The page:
Author Topic: ?'s for Vicent regarding Wavelets article  (Read 2640 times)

Offline sleshin

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?'s for Vicent regarding Wavelets article
« on: 2011 February 12 14:34:55 »
Hi Vicent,

Your Wavelet article in PI Magazine is very well done and provides an excellent general overview of the topic. I look forward to more specific "how to" details in forth coming articles.

While I use wavelet based tools(ATrous and HDR) in my processing, I am certain that I don't begin to get optimal results for a lack of a clear understanding of how best to apply these tools. It sounds as though your series of articles will provide details but in the mean time I wonder if I might ask you a few questions about the processing details for NGC 6914 as shown on pages 22 to 25.

When applying the multiscale processing and creating the three images of varying scales is the original image used linear or non-linear? Or does it matter?

How did you create the 3 images of increasing scale size? I know you can create the large scale image with ATrousWavelets and then subtract it from the original to get a small scale image. You are showing 2 smaller scale images. How were those created? What are their scales? Perhaps you could show a screen save of the process module with the settings you used.

What process/processes do you like to use to sharpen the small scale images?

Finally, how do you recombine the processed scaled images with the original? Addition with Pixel Math? Perhaps you could show the formula/formulas you would have used for recombining these images.

Thanks in advance,

Steve

Steve Leshin

Stargazer Observatory
Sedona, Arizona

Offline marekc

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Re: ?'s for Vicent regarding Wavelets article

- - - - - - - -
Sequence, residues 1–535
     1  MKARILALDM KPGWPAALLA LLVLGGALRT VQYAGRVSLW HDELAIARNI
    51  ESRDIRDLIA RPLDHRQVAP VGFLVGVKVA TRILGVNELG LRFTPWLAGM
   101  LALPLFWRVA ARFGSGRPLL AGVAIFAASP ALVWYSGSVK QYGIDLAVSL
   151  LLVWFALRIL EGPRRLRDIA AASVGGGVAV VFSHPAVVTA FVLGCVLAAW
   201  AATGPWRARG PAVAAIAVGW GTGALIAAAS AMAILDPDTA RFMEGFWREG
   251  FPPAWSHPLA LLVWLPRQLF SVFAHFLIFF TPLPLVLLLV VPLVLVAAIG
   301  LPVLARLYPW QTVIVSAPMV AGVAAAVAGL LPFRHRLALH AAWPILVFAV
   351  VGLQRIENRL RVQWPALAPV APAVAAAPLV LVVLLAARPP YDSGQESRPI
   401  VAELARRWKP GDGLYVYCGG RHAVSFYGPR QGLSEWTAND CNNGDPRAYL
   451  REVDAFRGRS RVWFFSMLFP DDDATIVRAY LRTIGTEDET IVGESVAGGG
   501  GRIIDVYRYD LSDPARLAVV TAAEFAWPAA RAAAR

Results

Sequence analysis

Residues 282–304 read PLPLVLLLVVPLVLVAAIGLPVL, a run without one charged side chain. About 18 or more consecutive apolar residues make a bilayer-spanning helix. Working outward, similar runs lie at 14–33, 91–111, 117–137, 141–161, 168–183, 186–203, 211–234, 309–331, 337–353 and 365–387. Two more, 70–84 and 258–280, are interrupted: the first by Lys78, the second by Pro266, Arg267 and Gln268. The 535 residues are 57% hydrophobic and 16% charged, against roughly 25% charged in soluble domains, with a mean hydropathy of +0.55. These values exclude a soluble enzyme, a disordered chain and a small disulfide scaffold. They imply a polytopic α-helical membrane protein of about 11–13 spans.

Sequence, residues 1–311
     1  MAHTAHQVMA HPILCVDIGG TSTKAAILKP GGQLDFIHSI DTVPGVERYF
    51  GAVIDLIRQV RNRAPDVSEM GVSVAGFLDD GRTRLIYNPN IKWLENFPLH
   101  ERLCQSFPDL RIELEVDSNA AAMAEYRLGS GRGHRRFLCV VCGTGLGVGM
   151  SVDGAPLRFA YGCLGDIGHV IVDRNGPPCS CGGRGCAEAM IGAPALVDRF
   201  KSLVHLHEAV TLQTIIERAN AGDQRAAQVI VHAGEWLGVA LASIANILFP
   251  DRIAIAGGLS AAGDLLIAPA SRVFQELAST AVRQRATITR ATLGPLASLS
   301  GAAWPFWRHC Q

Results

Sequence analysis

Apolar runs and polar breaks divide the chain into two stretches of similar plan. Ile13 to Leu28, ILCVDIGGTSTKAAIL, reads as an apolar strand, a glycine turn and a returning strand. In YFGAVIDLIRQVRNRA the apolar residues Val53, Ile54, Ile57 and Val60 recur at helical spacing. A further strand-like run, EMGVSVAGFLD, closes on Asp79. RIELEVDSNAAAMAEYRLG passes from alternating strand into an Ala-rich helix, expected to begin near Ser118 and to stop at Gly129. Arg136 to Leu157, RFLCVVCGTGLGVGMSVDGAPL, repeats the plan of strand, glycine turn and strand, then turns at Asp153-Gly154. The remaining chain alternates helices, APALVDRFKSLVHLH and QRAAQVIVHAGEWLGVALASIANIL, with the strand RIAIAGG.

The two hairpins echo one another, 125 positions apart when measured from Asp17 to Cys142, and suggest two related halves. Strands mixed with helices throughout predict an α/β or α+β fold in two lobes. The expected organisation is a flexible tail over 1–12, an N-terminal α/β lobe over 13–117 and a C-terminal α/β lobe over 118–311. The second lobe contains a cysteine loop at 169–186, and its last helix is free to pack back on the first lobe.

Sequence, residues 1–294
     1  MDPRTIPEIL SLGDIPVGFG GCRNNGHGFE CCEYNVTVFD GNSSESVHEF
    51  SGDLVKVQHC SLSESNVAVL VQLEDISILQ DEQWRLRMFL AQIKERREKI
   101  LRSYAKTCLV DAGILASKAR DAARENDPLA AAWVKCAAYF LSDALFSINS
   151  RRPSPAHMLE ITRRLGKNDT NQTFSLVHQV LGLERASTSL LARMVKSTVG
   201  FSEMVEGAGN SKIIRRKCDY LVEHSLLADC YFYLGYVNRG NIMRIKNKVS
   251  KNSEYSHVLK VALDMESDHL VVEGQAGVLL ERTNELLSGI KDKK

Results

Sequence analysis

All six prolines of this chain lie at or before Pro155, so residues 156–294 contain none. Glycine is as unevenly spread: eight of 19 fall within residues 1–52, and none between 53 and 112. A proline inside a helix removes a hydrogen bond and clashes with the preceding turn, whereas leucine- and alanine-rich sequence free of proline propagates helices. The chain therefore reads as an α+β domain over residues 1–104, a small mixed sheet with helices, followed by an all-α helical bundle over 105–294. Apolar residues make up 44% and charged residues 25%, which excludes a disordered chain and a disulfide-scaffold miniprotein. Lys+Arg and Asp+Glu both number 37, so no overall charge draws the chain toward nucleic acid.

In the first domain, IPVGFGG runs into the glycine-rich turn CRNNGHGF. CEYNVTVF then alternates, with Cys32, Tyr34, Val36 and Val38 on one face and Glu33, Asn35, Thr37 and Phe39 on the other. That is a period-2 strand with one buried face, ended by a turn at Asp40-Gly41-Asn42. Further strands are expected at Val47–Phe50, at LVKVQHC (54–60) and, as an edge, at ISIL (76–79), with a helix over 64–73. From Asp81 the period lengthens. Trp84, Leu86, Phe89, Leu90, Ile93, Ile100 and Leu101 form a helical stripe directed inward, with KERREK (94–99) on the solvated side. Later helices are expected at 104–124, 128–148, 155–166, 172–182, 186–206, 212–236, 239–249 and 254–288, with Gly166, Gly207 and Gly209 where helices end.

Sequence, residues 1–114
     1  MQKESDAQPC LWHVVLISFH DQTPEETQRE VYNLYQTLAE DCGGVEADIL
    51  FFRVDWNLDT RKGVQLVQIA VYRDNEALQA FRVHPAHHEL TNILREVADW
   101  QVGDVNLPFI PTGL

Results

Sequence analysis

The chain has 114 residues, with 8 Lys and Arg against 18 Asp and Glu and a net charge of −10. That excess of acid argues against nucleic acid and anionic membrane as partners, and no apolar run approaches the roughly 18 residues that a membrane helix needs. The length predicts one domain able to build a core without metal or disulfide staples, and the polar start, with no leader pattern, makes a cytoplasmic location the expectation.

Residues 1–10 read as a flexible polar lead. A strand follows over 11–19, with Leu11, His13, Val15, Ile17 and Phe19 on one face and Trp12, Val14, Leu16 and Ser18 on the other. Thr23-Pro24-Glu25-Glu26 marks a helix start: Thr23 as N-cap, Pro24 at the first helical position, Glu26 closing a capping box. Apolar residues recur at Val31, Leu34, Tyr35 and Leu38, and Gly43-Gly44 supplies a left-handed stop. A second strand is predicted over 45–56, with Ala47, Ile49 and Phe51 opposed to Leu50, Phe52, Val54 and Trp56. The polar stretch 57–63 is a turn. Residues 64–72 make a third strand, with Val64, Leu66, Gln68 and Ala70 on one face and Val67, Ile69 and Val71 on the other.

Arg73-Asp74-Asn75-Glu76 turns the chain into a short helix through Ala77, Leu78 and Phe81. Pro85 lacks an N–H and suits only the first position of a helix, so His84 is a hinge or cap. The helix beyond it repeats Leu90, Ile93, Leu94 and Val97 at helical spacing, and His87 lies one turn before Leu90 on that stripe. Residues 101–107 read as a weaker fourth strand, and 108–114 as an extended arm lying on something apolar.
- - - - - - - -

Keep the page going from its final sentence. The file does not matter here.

« Reply #1 on: 2011 February 12 23:29:41 »
I'll second Steve's request! I, too, really enjoyed reading about multi-scale processing in Pixinsight Magazine, and I'd love to read some `how-to' details. Steve's questions are great examples of the sorts of things I'd like to know more about.

- Marek Cichanski

Offline vicent_peris

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Re: ?'s for Vicent regarding Wavelets article
« Reply #2 on: 2011 February 13 03:01:43 »
Hi!


I'm glad you liked the article. It is short in text, but usually the introduction is the harder part to write on.

Quote
When applying the multiscale processing and creating the three images of varying scales is the original image used linear or non-linear? Or does it matter?

All this proccessing methodology is with non-linear data. The only point where I work with linear data is at the moment of building the HDR image. But, after this step, data is completely delinearized with an histogram transformation.

Quote
How did you create the 3 images of increasing scale size? I know you can create the large scale image with ATrousWavelets and then subtract it from the original to get a small scale image. You are showing 2 smaller scale images. How were those created? What are their scales?

The philosophy is the same as in the Masked Unsharp Mask technique. Take two images:

Image1 --> We remove the first three layers (we have only structures starting from 8 pixel wide).
Image2 --> We remove the first seven layers (we have only structures starting from 128 pixel wide).

If we subtract Image2 from Image1, we will get an image with structures ranging from 8 to 128 pixel wide.

Of course, this is a classical band-pass filtering. With this technique, you will filter structures according to a size interval. BUT those structures will be affected from the local illumination levels: the structures will loss contrast in the more illuminated areas.

The solution to this problem is the Local Contrast Normalization Function, which I will describe in further articles. It's a simple equation, applied through PixelMath.

Quote
What process/processes do you like to use to sharpen the small scale images?

Once you make the structures independent from the illumination levels, one of the best options to make the sharpening is CurvesTransformation. Yes, sound bizarre, but it is. You will see.  >:D

Quote